I learned about the following resource from a lunch companion at the Minnesota Council of Nonprofit conference yesterday.
Rent a Coder (www.rentacoder.com)
It’s a site that connects web site programmers with folks who need programs. You describe your project and offer a price for the service and with any luck programmers contact you with their credentials. My lunch buddy had tried this and got some work done very affordably from a coder based in Russia.
One a tangential note – the MCN conference was very good. I gave a presentation on “Getting Found on the Internet,” which I just posted online (http://www.treacyinfo.com/MCN_2006.htm) if you are interested.
After last week’s Byte a few people asked me about safety and sites such as MySpace (an online teen haven). So I’ve done a little research about online safety for kids.
Surf Swell Island (http://disney.go.com/surfswell/index.html) – My older kids (ages 6 & 7) love this game! They started playing it before they could read. It’s all about online safety and isn’t scary. My hope is that safety is ingrained before they can read or type well enough to join online chats or other “social networking sites”.
NetSmartz Workshop (http://www.netsmartz.org/) – This looks good for teens. The blog quiz brought up some great points, such as “college recruiters can get info on me through social network web sites.” Taking this quiz with your favorite teen would introduce some important topics – and provide guidance on the how’s and why’s of safety.
Wired recently ran an article on MySpace (http://www.wired.com/news/technology/0,70287-0.html) – The article is pretty interesting. Feedback from readers found below the article is very interesting.
And just so we don’t forget that the Internet is worth the risk, here’s my new favorite site for kids (http://www.superkids.com/aweb/tools/). The site creates quick worksheets for kids. Most worksheets seem to be for grade school kids though they mention a word-of-the-day vocabulary builder for high school kids (to prepare for PSAT & SAT tests).
New Byte Feature – IndeNewsletter
I work with a lot of different companies – most are independently owned. Sometimes they have fun news to share. The news isn’t always Byte material but often I think it might be interesting to some readers. So, I’ve decide to start a blog that features client news – and just quickly mention the topic in the Byte in case it’s a topic that might interest you.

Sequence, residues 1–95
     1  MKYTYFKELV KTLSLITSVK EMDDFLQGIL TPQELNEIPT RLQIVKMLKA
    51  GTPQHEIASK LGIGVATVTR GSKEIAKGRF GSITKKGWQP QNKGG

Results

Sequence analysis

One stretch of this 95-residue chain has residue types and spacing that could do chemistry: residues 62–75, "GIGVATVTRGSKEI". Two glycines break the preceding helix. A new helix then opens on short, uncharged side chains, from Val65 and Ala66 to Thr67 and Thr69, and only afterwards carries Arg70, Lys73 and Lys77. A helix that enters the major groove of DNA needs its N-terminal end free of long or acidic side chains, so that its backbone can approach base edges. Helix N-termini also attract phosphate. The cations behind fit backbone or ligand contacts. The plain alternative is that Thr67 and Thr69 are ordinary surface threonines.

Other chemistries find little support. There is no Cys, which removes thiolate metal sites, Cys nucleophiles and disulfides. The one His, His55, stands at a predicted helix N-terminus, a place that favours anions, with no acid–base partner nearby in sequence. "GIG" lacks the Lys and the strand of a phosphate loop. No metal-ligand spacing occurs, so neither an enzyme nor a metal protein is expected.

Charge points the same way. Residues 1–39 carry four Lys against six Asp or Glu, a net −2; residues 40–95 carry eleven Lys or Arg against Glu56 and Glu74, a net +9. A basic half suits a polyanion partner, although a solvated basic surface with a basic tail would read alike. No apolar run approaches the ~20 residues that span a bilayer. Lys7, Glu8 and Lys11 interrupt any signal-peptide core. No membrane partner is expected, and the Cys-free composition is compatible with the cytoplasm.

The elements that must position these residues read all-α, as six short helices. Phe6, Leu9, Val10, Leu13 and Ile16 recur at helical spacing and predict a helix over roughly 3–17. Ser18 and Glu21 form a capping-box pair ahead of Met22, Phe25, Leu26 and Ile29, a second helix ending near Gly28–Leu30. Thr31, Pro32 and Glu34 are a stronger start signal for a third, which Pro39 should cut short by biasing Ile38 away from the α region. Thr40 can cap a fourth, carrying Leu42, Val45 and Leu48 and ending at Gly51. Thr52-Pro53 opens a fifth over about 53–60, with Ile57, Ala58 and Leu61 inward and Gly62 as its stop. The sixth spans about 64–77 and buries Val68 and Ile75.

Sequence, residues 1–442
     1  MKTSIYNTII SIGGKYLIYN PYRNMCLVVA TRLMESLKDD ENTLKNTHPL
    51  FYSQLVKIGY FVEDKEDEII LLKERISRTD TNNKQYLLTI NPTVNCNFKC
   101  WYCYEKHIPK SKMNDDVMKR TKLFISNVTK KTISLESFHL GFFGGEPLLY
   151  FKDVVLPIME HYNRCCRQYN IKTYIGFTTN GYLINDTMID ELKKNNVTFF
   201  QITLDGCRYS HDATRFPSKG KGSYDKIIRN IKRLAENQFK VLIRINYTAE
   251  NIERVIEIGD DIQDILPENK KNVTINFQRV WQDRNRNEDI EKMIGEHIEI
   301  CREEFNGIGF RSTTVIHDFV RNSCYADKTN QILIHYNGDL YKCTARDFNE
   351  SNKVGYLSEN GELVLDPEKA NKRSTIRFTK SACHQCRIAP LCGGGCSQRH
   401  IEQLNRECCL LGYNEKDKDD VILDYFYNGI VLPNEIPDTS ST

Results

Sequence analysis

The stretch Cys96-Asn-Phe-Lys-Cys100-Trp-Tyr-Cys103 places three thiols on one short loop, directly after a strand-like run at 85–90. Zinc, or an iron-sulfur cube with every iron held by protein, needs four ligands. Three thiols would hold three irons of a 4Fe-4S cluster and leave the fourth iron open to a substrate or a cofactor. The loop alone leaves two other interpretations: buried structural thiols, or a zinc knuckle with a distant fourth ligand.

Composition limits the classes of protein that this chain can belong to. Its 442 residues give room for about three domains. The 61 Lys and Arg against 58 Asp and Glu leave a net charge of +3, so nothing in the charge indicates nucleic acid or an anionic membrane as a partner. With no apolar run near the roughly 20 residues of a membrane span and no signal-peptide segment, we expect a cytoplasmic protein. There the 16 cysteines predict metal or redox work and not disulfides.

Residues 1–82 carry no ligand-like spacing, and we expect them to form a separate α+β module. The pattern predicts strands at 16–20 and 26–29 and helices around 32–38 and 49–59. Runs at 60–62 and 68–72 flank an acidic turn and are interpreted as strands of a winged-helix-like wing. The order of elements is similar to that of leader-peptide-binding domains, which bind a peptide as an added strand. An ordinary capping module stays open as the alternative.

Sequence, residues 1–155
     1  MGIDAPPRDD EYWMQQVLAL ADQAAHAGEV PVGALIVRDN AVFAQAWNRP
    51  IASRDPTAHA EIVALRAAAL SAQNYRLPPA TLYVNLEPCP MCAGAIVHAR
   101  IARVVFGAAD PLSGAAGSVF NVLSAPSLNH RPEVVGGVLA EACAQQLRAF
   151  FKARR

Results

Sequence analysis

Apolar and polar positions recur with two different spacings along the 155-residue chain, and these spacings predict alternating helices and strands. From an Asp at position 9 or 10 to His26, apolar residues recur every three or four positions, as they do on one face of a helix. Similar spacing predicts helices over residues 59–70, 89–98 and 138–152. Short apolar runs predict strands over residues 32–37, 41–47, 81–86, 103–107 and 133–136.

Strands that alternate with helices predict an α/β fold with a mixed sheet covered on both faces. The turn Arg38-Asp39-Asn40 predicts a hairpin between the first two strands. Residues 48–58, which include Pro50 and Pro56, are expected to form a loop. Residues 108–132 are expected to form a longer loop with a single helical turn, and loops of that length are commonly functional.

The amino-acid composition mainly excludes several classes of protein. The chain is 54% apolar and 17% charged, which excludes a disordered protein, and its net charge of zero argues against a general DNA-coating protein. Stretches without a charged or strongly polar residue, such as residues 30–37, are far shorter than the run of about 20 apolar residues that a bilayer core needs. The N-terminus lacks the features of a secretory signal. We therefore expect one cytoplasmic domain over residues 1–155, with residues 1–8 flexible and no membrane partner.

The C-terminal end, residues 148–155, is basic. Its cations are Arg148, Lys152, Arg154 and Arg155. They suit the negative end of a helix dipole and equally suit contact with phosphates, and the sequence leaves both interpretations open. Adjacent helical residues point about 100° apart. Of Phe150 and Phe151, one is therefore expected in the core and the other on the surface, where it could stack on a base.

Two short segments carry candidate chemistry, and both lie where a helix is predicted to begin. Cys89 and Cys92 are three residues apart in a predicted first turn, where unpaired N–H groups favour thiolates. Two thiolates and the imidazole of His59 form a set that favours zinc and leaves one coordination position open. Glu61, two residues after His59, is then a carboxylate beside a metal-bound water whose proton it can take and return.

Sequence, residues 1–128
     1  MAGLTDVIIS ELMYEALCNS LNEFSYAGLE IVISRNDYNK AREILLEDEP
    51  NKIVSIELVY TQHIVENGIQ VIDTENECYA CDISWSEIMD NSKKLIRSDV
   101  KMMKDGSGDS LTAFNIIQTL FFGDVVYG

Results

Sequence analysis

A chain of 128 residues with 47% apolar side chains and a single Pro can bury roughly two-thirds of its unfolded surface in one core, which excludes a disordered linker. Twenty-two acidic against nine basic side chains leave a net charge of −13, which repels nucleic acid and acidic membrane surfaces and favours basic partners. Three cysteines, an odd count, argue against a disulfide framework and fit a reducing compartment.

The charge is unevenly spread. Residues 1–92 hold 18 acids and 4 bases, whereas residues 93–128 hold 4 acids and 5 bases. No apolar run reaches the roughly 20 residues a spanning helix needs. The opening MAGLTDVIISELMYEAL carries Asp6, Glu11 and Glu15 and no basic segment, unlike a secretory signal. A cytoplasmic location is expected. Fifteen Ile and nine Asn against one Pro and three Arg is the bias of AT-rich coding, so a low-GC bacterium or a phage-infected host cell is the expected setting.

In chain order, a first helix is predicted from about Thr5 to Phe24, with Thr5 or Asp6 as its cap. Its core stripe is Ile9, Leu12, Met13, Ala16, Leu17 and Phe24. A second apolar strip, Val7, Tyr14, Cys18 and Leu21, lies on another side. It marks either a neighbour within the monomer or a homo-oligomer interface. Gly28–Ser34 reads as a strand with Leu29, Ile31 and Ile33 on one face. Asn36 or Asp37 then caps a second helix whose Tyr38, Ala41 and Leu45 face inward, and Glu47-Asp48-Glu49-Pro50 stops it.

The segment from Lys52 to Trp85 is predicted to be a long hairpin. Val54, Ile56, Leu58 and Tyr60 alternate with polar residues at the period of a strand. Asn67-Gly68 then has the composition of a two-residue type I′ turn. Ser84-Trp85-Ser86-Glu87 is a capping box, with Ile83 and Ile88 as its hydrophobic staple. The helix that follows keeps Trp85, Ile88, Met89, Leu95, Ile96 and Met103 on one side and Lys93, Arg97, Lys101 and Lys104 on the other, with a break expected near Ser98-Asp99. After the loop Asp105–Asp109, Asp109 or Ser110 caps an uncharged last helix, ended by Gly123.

This week IndeNewsetter – OneStopLenderApps (http://www.onestoplenderapps.com) is a neat tool for mortgage lenders that was recently unveiled. Apparently mortgage brokers need to fill out big applications with multiple wholesale mortgage lenders to get mortgages for end users. These guys have created one online form that a mortgage broker can complete to be submitted to multiple wholesale lenders (they have more than 200 in their database.) Learn more on Indenews (http://www.indenewsletter.com)
The Washington Post recently ran an article on the changing landscape of the top 50 web sites. Traffic is leveling out on many of the top web sites; however sites that feature blogging, social networks, or local information are seeing great increases in traffic.
Some of the fastest growing sites include:
Blogger (www.blogger.com) – provides free space and tools for users to publish blogs
Myspace (www.myspace.com) – an interactive site for young people (teens)
Wikipedia (www.wikipedia.com) – an online encyclopedia where everyone is invited to post info on an entry
CitySearch (www.citysearch.com) – a directory of city info that featured local reviews
Each of these sites includes an interactive component.
So, what does this mean for you? Well, if you’re looking to buy advertising online, consider interactive web sites. If you maintain a web site that you hope to become a destination web site, consider an interactive component.
If you don’t have a web site – consider visiting some of these places online to start interacting online. If you have teenagers you should visit MySpace and talk to your teens about what is acceptable online behavior. (Make sure they are aware that they should never give personal info online.)
For more info, check out the Washington Post article (http://www.washingtonpost.com/wp-dyn/content/article/2006/04/03/AR2006040301692.html).